He could have been forgiven for thinking that his troubles were then behind him; he was due a break. But the next year began badly for Gesink too. A crash at the Tour de Suisse left him with a concussion, which prevented him from riding, let alone racing the Tour. It was only later in the summer that he was able to put together a few decent weeks of training—enough to start the Tour of Spain. There, he salvaged his season with a fantastic stage victory on the Col d’Aubisque—his first ever grand-tour win. Finally, Gesink’s luck seemed to be turning around.
He had a good winter and a solid spring and arrived at the start of the 2017 Tour raring to go. On the eighth stage, he came very close to winning, finishing just behind Lilian Calmejane on the climb to Station des Rousses after a day in the break, and was looking forward to having another shot in the mountains later in the race, but the next day he broke his back in a high-speed crash, which left him stuck in a brace for the next three months. It was winter before he could ride. And yet, sure enough, Robert Gesink took to the start of the Tour Down Under this spring.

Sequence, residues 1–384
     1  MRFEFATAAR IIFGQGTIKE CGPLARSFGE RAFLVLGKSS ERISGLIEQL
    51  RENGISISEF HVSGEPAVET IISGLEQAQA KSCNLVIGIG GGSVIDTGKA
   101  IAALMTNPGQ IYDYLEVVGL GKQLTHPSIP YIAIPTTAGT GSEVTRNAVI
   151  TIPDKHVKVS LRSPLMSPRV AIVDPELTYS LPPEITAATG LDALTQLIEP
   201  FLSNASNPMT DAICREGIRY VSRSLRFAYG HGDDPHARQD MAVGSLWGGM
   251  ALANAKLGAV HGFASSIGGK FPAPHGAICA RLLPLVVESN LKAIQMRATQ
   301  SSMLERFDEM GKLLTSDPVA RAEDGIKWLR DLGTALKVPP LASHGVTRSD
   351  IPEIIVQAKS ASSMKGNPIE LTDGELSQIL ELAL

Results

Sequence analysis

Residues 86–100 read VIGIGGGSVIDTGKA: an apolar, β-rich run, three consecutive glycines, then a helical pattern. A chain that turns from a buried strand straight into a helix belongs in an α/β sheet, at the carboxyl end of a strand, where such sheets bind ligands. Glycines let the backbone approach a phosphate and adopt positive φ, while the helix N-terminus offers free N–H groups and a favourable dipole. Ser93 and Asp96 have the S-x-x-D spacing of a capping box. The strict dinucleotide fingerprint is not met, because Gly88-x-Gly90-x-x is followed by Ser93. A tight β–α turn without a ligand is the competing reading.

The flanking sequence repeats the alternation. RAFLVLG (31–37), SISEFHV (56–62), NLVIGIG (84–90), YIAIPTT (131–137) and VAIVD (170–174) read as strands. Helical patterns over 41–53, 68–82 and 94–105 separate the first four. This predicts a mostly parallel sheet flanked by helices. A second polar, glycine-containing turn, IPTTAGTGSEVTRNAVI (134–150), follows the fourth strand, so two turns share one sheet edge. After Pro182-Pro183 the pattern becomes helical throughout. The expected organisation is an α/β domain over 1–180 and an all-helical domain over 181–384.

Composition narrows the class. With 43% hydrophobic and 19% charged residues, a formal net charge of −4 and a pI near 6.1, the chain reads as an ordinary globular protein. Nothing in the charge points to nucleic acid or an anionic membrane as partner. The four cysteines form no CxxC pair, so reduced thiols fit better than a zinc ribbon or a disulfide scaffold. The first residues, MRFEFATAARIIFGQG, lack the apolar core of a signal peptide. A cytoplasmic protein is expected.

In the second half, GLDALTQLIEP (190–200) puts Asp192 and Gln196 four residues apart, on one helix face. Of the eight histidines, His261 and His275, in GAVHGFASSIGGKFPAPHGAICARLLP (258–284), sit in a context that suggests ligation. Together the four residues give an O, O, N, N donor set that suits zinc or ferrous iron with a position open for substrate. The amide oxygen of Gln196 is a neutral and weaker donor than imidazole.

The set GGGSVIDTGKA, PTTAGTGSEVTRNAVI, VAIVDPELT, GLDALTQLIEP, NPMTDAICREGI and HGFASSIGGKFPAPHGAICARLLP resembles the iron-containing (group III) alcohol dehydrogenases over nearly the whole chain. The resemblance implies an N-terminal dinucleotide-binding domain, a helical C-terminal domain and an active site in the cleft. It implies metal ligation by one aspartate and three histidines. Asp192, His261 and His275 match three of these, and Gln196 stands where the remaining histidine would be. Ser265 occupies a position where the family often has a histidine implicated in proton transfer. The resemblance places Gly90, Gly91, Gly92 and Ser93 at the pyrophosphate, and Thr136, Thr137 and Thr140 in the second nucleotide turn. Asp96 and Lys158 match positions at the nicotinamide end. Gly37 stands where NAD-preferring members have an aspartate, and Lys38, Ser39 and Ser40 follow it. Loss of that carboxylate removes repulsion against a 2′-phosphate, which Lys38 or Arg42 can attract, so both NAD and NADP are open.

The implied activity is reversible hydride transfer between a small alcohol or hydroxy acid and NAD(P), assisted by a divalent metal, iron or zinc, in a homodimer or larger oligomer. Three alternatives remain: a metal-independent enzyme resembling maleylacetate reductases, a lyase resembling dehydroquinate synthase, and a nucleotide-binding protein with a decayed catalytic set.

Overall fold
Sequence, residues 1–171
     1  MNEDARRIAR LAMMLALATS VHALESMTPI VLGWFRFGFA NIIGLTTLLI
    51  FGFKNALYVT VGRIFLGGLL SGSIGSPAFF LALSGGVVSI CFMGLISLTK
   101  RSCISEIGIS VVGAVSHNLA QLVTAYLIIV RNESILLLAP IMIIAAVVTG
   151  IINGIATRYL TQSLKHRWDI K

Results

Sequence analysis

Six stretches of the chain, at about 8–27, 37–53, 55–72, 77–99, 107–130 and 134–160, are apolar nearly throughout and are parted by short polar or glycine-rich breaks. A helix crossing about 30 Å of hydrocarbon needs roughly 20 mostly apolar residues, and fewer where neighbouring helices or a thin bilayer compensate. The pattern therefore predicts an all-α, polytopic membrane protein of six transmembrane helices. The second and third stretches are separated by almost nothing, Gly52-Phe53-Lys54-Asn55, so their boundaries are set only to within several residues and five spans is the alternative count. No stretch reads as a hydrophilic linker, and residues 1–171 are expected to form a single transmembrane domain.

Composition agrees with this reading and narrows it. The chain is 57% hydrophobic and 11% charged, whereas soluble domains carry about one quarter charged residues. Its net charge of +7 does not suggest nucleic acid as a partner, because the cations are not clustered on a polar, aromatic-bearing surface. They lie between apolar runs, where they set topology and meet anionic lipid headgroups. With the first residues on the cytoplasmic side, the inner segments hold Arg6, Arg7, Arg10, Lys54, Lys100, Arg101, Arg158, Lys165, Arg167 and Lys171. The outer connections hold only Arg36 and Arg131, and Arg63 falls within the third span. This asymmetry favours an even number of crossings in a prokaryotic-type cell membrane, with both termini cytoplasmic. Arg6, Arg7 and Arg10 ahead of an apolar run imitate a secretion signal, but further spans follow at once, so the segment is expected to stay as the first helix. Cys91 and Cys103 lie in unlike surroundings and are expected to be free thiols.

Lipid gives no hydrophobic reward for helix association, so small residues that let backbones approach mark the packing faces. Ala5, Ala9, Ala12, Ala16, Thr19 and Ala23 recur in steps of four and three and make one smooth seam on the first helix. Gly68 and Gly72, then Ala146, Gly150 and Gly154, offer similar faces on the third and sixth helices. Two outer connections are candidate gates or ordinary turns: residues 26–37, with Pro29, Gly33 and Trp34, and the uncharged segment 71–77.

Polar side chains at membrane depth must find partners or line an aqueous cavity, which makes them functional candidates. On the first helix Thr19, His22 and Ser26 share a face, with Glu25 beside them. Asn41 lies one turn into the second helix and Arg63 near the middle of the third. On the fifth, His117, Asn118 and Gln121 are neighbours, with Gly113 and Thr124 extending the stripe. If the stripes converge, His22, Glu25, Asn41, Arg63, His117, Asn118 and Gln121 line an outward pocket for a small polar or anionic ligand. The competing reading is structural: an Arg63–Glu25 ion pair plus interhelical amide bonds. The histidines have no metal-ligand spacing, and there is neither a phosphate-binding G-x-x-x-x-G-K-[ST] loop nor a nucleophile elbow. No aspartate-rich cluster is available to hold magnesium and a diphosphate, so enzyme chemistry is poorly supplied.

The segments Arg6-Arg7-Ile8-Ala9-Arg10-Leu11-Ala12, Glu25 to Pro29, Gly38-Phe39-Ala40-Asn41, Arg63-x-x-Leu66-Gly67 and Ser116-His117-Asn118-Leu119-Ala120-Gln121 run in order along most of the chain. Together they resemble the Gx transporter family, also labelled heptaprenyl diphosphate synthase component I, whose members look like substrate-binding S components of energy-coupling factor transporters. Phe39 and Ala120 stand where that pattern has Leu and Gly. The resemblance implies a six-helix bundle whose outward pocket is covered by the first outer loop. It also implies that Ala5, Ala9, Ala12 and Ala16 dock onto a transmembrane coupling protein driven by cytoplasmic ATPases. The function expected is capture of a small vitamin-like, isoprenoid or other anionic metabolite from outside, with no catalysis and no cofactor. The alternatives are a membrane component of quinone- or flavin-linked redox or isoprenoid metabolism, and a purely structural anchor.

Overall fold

What has kept him going? Despite all his misfortunes, why has he kept coming back? Drive, determination—that goes without saying. A racer of Gesink’s calibre has to be dedicated. But dedication and duty cannot often be distinguished, and Robert Gesink no longer has to race. A new generation of very talented Dutch riders has emerged to carry the weight of their country’s expectations, and, besides, Gesink is no longer so concerned with others’ opinions anyway. He is already proud of all he has achieved. It seems he just loves to ride his bike.
After he has pulled us each an espresso, we roll out of town, and he points out the sights. Cycling with Gesink involves castles hidden up back roads and lookouts over hills that rise and fall all the way to the Pyrenees. It is hot out, and flowers are blooming all over the fields. He is happy here. The weather is good all year round, and the terrain is excellent for cycling. The prosperous little Catalan city they call home has become a resort for pros and faux-pros alike, which means that there is aways a good group to ride with, though Gesink still does much of his training alone.